Remember this blog is for the curious – all you experts out there are permitted to snigger at the below – but we all have to start somewhere. If you are a youngster there are generally lots of ways I gather to blag cheaper tickets. For most venues a bit of forward planning generally helps but is not an essential to get to see what you want to see. Stuff does sell out but rarely immediately (at least the stuff I want to see) in contrast to the best of London’s (non-West End) theatre.

If you are not a massive cognoscenti, like to take a punt on things you don’t know too well, not possessed of perfect hearing or a cheapskate, or, like me, all of the above, then opting for the cheap seats at most of these views turns up what I consider to be an extraordinary bargain. For a tenner or so, and certainly less than a pony (Cockney not equine) you can see and hear two hours of, for example, a world class orchestra, with a world class conductor performing a world class piece of art. Same price as the cinema which is just a shed with a digital print rolling around endlessly. Oh and with all your hard earned cash going to the performers, shareholders and assorted hangers-on, so they can dick about in frocks at the Oscars and expand their already monstrous egos. In the classical music world the performers take way less, the state chips in a bit, there are some rich philanthropists generally subsidising a bit of your visit and there are generally no grasping shareholder types. Who’d have thought … poncey, classical music as a redistributive challenge to the neo-liberal economic orthodoxy.

Right now to the musical caveats. The key thing to bear in mind is that  I cannot abide any of that Romantic, self-indulgent overwrought slush. For me Western classical music stopped around 1830 after your man Beethoven died and then started again in the C20 when Stravinsky pumped up the rhythm. I need to hear a pulse or beat and not get drowned in too much lyricism, melody and expression.

This probably reflects my starting point. When I was a nipper and started listening to music in the mid 1970s our starting point was heavy and progressive rock. Think Led Zeppelin, Black Sabbath, Genesis, Pink Floyd, Yes, Supertramp, Uriah Heep, Deep Purple. There might be some enterprising twists and turns, West Coast rock, Marley, Krautrock, Kraftwerk for example but these were rare. And there was a lot that we considered off limits including to my eternal shame, the likes of Bowie, all soul and disco music, the Velvet Underground and similar ilk. Obviously I eventually saw the error of my ways and have been on a self imposed course of cultural re-education for many years to correct these flaws notably in the case of Bowie. However the heavy/progressive rock DNA cannot be eradicated.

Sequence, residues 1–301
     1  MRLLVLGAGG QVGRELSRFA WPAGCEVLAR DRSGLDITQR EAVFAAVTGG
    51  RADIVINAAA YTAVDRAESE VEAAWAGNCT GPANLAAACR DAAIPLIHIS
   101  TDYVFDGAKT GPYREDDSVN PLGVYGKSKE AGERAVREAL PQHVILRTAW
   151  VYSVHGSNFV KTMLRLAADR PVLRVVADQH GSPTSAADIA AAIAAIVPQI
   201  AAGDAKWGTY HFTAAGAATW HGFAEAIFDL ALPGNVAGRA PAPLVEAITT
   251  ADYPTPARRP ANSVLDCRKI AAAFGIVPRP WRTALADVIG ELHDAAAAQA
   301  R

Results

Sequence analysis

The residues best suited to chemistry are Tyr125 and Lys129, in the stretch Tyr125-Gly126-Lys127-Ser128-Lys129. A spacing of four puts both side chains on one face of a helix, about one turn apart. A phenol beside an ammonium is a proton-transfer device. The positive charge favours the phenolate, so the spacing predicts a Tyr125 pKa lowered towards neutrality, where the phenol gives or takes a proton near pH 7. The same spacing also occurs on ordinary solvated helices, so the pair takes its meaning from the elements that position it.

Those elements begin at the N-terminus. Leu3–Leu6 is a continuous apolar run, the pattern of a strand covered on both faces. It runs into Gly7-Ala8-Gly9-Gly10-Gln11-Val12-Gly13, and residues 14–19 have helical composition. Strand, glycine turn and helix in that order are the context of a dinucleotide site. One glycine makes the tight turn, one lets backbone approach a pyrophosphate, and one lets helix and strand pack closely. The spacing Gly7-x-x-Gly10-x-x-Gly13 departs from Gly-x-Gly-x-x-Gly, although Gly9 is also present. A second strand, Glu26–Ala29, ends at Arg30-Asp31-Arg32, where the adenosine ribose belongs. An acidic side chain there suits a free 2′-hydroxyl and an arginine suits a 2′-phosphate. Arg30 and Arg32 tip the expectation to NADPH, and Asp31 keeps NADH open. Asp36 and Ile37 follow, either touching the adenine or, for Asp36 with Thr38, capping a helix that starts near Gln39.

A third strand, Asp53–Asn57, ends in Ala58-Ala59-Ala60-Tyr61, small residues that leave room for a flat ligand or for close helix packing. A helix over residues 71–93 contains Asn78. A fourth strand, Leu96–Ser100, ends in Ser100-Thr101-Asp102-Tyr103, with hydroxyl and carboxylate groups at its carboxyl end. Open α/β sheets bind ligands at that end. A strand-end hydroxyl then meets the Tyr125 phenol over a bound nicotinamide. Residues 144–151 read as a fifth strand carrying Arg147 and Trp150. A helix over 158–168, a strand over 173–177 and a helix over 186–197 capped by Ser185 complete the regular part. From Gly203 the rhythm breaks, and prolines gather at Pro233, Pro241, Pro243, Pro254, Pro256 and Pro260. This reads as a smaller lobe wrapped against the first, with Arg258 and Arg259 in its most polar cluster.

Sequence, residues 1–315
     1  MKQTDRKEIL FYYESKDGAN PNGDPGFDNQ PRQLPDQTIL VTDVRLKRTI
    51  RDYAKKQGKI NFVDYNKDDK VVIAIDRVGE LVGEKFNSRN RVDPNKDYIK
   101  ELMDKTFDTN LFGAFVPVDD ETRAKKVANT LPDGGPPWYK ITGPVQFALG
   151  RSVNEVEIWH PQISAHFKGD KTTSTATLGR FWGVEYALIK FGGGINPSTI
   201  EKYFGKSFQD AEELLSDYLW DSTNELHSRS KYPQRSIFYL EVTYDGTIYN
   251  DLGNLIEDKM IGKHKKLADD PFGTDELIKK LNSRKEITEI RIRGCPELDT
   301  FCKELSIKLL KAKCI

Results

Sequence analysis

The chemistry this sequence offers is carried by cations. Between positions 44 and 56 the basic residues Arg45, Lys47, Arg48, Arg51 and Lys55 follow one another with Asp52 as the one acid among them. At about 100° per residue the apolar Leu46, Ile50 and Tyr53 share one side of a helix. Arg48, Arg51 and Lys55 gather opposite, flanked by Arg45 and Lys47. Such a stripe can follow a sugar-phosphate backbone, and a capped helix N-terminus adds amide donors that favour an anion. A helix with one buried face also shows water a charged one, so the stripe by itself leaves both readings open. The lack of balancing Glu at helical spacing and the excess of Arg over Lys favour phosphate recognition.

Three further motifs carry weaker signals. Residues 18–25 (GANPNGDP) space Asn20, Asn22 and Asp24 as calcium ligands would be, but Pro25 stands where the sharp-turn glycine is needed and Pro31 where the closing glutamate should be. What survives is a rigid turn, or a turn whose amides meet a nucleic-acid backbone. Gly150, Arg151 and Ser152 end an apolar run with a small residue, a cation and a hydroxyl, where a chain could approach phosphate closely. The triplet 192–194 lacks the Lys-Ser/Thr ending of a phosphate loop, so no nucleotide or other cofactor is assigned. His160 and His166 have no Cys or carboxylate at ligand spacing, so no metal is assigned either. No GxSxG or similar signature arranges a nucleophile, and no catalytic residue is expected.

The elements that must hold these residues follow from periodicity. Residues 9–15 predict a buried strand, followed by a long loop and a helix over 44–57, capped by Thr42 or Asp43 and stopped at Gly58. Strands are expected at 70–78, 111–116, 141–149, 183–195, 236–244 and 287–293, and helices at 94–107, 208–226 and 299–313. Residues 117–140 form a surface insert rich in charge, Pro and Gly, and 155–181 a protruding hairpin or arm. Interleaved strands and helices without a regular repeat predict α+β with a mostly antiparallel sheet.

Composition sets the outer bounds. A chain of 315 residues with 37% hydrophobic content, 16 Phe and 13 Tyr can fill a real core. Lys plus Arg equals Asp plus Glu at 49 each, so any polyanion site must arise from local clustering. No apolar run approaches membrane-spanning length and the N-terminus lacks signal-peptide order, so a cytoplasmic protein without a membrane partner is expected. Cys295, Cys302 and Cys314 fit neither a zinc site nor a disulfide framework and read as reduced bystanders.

BUT fortunately Punk came to the rescue. Now it took a bit of time to wend its way down to Devon and I can’t deny that shoulder length hair and velvet flares was the look I favoured to attract the ladies until the very end of the 1970s but our music tastes changed substantially for the better. So the golden period for shaping my musical tastes was 1978 to 1985. That is not to say the old order was entirely overthrown (Led Zeppelin at Knebworth in 1979, Pink Floyd The Wall in 1980 were the most obvious aberrations) but a near religious devotion to the NME and especially John Peel for the first few years of that golden age saw a firm shift to the likes of Echo and the Bunnymen, Joy Division, Gang of Four, Talking Heads and the like. I confess that the appreciation of the Fall, Wire and the Wedding Present, now firm favourites, was rather more retrospective and the Smiths too took a bit of time. Anyway hopefully you get the picture. After that life caught up and my appreciation of pop/rock/indie was a more haphazard/measured affair until the last few years. (PS I do realise I just how cliched my musical taste is but unfortunately it probably won’t stop me expanding further on some of these likes in a misty eyed way in future blogs)

The same trajectory applied to my appreciation of classical music. The middle/late 1980s saw the first forays following a bunch of free concerts (oh to be young) which was fairly eclectic but ended up largely centred on Britten, Shostakovich and Beethoven and very little else. And then the ramp up in the past few years. This has meant an expansion into minimalist music (previously it was pretty much Arvo Part and not much else), the beginnings of an understanding of Stravinsky, a reversal from Beethoven into Haydn (but not Mozart), a major Baroque expansion (largely Vivaldi and now other Italians with a bit of Bach) and finally an understanding of the joys of Early Music. I reckon that is enough to keep me going until my time is up.

So those are the parameters around which the recommendations below are made. No doubt some musicologist can make sense of all of this but I will stick with “I know what I like”.

Oh and the final caveat – it’s only going to work if you are based in London. Sorry.

Anyway “hear” you go (ha ha).

  • Barbican Hall – 1st May 2017 7.30pm – Music in 12 Parts by Philip Glass – yep his hallmark piece over the thick end of 4 hours played by a crew of superb musicians – not the easiest way into vintage Glass but maybe the best – looks like some tckets still up for grabs but this will sell out I reckon